Normally, 20-year-old college students don't have much time to indulge in their hobbies. But for Cara Salimando, music is her life
. For as long as she can remember, Cara has been singing. Whether she is behind a piano or strumming a ukelele, her voice holds an intangible power over the airwaves.
At first glance, Cara appears petite, rocking half-cut hair of deep purple. You simply cannot let her five-foot presence fool you. She channels a devoted attitude which fuels all of her musical projects, and her passion is indefinitely contagious.
As an independent artist, Cara has been writing her own songs since she was 10, and we do not see that ever changing. Her songs effortlessly paint lavish scenes her highs with love (see "Dream"
) or lows with heartbreak (see "Bookmark"
). Perhaps indie would be an appropriate category for Cara's music. However, she encompasses elements of pop and punk as well.
Growing up just around the corner of Asbury Park, NJ, Cara was able to channel her unique musical styles from a very young age. This area of Central Jersey was made famous by Bruce Springsteen, but musicians still flourish throughout the boardwalks and bars today.
At 17, Cara found herself on a whirlwind adventure by being signed to Universal Motown Records after being noticed by an agent in Jersey. After two years, the label went out of business. They dropped a number of artists (including Cara).
After undergoing this experience and losing her songs, Cara still never allowed it to taint her love of music and songwriting. She began attending the New School in Manhattan, and in February 2011, she was signed as a writer to Glassnote Records' publishing endeavor Four Song Night.
Instead of releasing full length albums, Cara has been working for a year now releasing a series of EPs every month or so. Her latest EP, and in my opinion, the most honest yet, is entitled September/ October
I got a chance to catch up with Cara about her hometown, touring with Ingrid Michaelson, why deep cut versions of songs are usually better, and how her fans make sure she releases her monthly EPs on time.
How long have you been playing piano/ writing songs?
I've been playing piano since I was seven years old, singing for as long as I can remember, and writing songs since I was ten.
Coming from such a musically rich area of New Jersey, did you find that helpful as you grew up?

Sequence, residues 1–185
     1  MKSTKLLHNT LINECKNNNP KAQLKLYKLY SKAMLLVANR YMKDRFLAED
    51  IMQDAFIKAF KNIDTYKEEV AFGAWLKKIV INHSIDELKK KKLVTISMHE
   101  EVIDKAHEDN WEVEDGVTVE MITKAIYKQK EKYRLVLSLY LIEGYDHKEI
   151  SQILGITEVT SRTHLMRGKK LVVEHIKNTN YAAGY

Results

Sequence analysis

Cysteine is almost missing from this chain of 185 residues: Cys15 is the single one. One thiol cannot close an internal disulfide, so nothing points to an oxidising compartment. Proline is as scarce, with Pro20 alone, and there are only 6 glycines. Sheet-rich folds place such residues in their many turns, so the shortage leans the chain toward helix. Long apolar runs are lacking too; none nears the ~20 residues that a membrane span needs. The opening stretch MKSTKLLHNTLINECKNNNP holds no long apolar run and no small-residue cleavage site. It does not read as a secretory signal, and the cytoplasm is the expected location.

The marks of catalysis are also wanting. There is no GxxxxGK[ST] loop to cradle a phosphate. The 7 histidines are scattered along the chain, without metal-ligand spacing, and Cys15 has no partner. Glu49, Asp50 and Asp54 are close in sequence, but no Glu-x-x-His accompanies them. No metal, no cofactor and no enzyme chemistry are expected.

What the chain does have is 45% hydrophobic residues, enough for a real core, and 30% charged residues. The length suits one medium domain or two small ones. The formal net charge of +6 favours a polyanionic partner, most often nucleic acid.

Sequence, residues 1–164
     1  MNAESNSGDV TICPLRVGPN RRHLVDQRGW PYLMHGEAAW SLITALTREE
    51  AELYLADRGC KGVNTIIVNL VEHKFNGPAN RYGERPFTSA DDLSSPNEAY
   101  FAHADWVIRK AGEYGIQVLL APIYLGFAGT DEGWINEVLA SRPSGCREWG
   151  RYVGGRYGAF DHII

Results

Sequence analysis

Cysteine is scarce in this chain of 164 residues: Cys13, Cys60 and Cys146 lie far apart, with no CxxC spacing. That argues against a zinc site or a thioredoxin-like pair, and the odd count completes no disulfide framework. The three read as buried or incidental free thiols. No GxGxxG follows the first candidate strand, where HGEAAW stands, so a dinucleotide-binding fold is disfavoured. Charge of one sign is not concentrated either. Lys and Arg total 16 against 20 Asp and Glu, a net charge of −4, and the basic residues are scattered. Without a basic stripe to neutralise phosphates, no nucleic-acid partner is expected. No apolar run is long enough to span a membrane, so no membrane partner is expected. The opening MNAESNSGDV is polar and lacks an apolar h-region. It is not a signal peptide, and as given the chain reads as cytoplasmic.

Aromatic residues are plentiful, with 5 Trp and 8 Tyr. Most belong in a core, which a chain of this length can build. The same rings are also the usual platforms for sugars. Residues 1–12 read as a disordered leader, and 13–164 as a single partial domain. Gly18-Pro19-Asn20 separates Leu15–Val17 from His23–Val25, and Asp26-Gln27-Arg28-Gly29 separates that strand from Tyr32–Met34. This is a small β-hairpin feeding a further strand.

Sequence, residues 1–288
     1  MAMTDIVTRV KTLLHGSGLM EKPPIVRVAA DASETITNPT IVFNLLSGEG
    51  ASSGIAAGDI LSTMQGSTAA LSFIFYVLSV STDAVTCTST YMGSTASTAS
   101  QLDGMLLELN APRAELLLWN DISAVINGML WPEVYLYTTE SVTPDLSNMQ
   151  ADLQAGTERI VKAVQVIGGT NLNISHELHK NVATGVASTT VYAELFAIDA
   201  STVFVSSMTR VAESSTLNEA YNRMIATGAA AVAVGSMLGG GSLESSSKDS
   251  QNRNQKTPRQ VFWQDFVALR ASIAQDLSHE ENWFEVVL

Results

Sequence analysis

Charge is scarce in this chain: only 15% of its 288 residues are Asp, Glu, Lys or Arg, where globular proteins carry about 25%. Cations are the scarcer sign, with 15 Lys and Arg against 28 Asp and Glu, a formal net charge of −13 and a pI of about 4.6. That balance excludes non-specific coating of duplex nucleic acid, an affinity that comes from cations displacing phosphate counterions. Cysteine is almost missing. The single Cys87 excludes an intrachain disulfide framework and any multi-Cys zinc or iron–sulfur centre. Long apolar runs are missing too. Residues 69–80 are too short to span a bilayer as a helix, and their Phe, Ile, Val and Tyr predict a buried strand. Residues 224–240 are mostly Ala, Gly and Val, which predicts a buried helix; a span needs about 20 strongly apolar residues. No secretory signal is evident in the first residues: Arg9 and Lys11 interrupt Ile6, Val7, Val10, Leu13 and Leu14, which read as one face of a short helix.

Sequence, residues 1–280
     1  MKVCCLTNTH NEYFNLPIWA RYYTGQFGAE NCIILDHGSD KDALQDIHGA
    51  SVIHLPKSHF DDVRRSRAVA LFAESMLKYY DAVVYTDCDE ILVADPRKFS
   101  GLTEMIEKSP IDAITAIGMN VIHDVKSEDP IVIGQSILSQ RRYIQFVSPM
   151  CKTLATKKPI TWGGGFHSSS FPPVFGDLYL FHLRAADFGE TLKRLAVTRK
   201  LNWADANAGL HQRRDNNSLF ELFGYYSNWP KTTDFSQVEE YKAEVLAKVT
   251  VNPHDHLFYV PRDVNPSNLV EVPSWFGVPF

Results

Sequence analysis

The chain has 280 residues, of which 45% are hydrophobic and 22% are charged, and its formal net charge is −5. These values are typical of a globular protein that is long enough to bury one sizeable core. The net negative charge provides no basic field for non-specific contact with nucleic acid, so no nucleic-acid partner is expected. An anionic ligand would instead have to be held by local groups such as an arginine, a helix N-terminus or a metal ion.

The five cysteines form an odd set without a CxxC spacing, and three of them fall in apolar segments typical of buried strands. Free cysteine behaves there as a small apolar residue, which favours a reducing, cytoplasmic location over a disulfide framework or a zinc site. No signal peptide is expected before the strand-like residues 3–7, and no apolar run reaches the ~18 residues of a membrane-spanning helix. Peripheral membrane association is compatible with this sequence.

I definitely like to think I'm a product of my area. I met a lot of people in NJ that helped shape me musically, and I don't think I would've been so involved in music at such a young age had I grown up somewhere else. It's definitely no coincidence that I come from an area so passionate about its place in music... Asbury Park home to Bruce Springsteen is just around the corner from where I grew up. Because of that, there's definitely something in the water. The local music scene is more involved and proactive than others I've stumbled upon, and creating original material was always a priority with my music teachers, rather than just learning how to play and perform other people's pieces.
You've toured and worked with some well known artists. Who were they and what did you take away from some of those experiences?
I've toured with Ingrid Michaelson, Mat Kearney, Anthony Green, Martin Sexton, Marc Cohn, 100 Monkeys (Jackson Rathbone, actor of Twilight's band), and most recently William Beckett (of The Academy Is...). Touring is maybe my favorite part of being an artist. I like the constant movement, being on the go, playing every night. I've learned how to live out of a small suitcase, and I've become pretty adaptable. Touring is always a unique experience because your time out on tour always depends on the acts you're traveling with. I've had nothing but good experiences so far. I'd say what I've learned the most often is "be prepared for the worst". Sometimes, you double park your van, and it gets towed, and you're stranded at the venue after the show with nowhere to go. Remaining calm and making friends with people who can put you up for the night are usually the best plans of action in that scenario. It's happened twice.